Friday, November 15, 2019

#

The Ninth Session by Deborah Serani - Book Tour & Review


THE NINTH SESSION

Deborah Serani

* Psychological Suspense *


Title: THE NINTH SESSION: A PSYCHOLOGICAL SUSPENSE NOVEL

Author: Deborah Serani

Publisher: TouchPoint Press

Pages: 190

Genre: Psychological Suspense/Thriller





Dr. Alicia Reese, a recent widow and a CODA – a child of Deaf Adults,
takes on a new patient. Lucas Ferro reveals the reason for his
consultation is that he wasn’t really open with his previous therapist.
After gaining Reese’s trust, he shares aspects of his life that are
clearly disturbing – experiences that create anxiety and panic, but also
reveal horrifying psychopathology. Instead of referring Ferro
elsewhere, Reese chooses to continue working with him, feeling
reinvigorated by the challenge of his case.

As sessions progress, and Ferro’s disclosures become more menacing,
Reese finds herself wedged between the cold hard frame of professional
ethics and the integrity of personal truth – and learns just how far
she’s willing to go, willing to risk and willing to lose to do the right
thing.

★★★★★ORDER YOUR COPY★★★★★

Amazon → https://tinyurl.com/y6qz2sto

______________________




______________________





First Chapter
Session One
Monday, June 5



The light


slowly filtered in from the other room as I opened the door. This was the last

moment of the unknown, where two strangers meet and a life story begins.

Most


times, I've no idea which seat in the waiting room a new patient will choose.

Sometimes, though, I can make a good guess from the initial phone call.

Usually, the depressed patient, feeling weak with fatigue, sits in the first

seat available, whereas the anxious person, eager to feel relief, selects the

seat closest to the consultation room.

Not that


it really matters. There are only six chairs in my waiting room.

 “Mr. Ferro?” I rolled my neck around the


waiting room. Then checked my watch. Eight o'clock on the dot. Seeing no

one, I pressed my lips together. Did I make the appointment for eight or eight fifteen?

I left


the door ajar, walked to my desk, and re-checked my schedule. I slid my finger

down the Monday, June 5th grid in my appointment book to the eight o’clock hour, and there was his name: Lucas Ferro. He’d be my last

appointment of the night.
Okay, it’s for eight o’clock.
Maybe he’s running late.       

While I


waited, I reviewed my notes from my telephone conversation with Ferro. I opened

the crisp manila file and heard a shuffling, then a sputtering hiss of air in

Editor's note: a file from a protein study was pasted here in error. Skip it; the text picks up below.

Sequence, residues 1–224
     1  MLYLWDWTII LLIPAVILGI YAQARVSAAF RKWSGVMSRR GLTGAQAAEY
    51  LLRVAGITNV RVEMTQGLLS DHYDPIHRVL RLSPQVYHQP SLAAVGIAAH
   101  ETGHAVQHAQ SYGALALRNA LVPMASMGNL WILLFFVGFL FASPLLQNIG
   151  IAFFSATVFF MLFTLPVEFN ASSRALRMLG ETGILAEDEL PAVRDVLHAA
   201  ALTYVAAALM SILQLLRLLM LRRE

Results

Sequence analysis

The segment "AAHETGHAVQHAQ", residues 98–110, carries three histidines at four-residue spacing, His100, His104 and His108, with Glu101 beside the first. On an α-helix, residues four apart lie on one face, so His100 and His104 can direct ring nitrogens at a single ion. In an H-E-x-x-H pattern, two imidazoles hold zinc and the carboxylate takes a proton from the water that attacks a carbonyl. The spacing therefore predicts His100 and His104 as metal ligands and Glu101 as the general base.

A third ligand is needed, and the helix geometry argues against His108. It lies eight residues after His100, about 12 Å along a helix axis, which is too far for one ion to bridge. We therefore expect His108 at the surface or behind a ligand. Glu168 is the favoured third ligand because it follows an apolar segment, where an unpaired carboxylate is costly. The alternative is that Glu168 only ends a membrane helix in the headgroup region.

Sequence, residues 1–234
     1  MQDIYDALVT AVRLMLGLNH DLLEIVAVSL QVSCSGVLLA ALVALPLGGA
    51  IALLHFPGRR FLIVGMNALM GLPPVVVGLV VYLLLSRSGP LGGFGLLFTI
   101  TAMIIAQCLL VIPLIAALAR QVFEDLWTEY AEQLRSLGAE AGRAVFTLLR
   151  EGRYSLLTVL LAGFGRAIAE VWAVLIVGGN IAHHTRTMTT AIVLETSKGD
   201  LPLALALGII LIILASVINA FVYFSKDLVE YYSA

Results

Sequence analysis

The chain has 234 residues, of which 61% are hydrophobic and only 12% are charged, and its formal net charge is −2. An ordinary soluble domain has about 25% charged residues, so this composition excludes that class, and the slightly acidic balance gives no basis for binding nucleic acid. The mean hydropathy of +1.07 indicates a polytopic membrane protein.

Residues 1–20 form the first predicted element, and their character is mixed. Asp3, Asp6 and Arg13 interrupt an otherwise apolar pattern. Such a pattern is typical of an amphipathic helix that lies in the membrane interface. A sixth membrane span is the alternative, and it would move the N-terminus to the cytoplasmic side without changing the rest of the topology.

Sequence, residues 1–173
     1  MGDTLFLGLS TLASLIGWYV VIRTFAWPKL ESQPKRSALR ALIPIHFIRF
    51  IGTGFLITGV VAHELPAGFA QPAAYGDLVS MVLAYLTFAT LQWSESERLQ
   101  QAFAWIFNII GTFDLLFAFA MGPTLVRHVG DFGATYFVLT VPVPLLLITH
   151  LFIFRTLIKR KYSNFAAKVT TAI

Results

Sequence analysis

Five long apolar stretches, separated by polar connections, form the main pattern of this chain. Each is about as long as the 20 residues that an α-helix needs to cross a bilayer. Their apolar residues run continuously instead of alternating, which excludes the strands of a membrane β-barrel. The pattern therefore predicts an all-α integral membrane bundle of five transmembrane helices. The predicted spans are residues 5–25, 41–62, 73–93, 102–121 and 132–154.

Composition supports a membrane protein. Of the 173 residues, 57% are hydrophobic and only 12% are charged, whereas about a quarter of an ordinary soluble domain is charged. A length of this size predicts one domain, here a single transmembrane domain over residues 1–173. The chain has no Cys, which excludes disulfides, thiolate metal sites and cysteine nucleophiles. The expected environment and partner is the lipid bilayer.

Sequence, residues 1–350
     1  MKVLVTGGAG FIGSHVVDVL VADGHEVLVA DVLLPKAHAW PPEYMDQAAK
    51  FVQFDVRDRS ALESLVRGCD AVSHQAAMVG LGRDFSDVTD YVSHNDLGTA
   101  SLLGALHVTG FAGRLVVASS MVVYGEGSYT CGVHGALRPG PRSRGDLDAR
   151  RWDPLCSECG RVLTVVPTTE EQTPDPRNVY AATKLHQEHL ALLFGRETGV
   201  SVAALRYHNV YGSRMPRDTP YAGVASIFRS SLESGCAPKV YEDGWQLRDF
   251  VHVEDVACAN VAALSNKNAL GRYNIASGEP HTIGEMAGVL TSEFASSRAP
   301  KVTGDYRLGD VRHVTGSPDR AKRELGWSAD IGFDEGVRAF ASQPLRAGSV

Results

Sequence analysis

the waiting room. I turned toward the sound, unsure of what it was.         A magazine falling on the floor?                                                                                                The

air conditioning shutting off?                                                                I

listened for another moment or two and, hearing nothing more, went back to my

desk.    My

office suite was a beautiful setting and one I didn’t mind spending so many

hours in. The waiting room, a spacious rectangle, was lined with several Ficus

trees and exotic plants, paintings from local artists, and burled wood

furniture contemporary in design. The thickly upholstered leather chairs were

caramel in color, and the teal-flecked carpet stretched from wall to wall. The

vaulted ceiling housed three skylights, flooding the room with an abundance of

natural light.   My consultation office was just as large, and there was ample

room for my desk, two chairs, and the proverbial psychoanalyst's couch–and of

course, an etched nameplate on the door: Alicia Reese, Ph.D. Psychologist.                                           Across

from the built-in bookcase was a long picture window overlooking Oyster Bay.

At this time of night, the evening sunset gleamed across the water, layering

the inlet with a silvery orange hue.   I

turned my attention back to the Ferro file, and I heard it again.

Thumping


movements.

Hissing


sounds of air.

Then


silence.

“What is that?” I asked aloud with growing


curiosity.

I'd been working in this building fifteen years and knew


all its creaks, thuds, and mechanical whirrs. But I couldn’t decipher these

sounds. They weren’t familiar.

I tapped


my pocket, confirming the presence of my panic remote. In all the years I’d

been in practice, I never found a need to use it.

I got up


from my desk and moved toward the door that led to the waiting room. An

emerging sense of uneasiness took hold. I heard a hollow voice say something I

couldn’t catch and then trail off.

I jolted


forward, took out the panic alarm, and held my thumb on the button, ready to

send the signal. I entered the waiting room but saw no one.
Again it happened.
The bang of something hitting the ground.
Then a rush of air.

I focused


my vision on the sounds, turning my gaze toward the far right corner of the

reception room.
The darkened bathroom.

I walked


in willed steps toward the nearly closed door. Drawing in a deep breath, I

opened it all the way with a poke of my index finger.

There,


standing against the corner wall, was the shadow of Lucas Ferro having a panic

attack.

“The


tile...it’s cool,” Ferro said, breathing raggedly like a drowning swimmer.

Hissing


sounds of air.

“It’s


okay, Mr. Ferro.” I followed his frenzied movements with my eyes. “I’m gonna

step away and give you some room.”

I flicked


on the bathroom light as I moved away. As the room brightened, I saw Ferro's

face. It was sweaty and chalk white. His black hair flopped in wet patches

across his forehead, and his eyes were narrow slits of blue. His body moved in

spasms, halting and then starting again.

Ferro


tugged at his shirt collar as he drew in rapid breaths. Watching him, I felt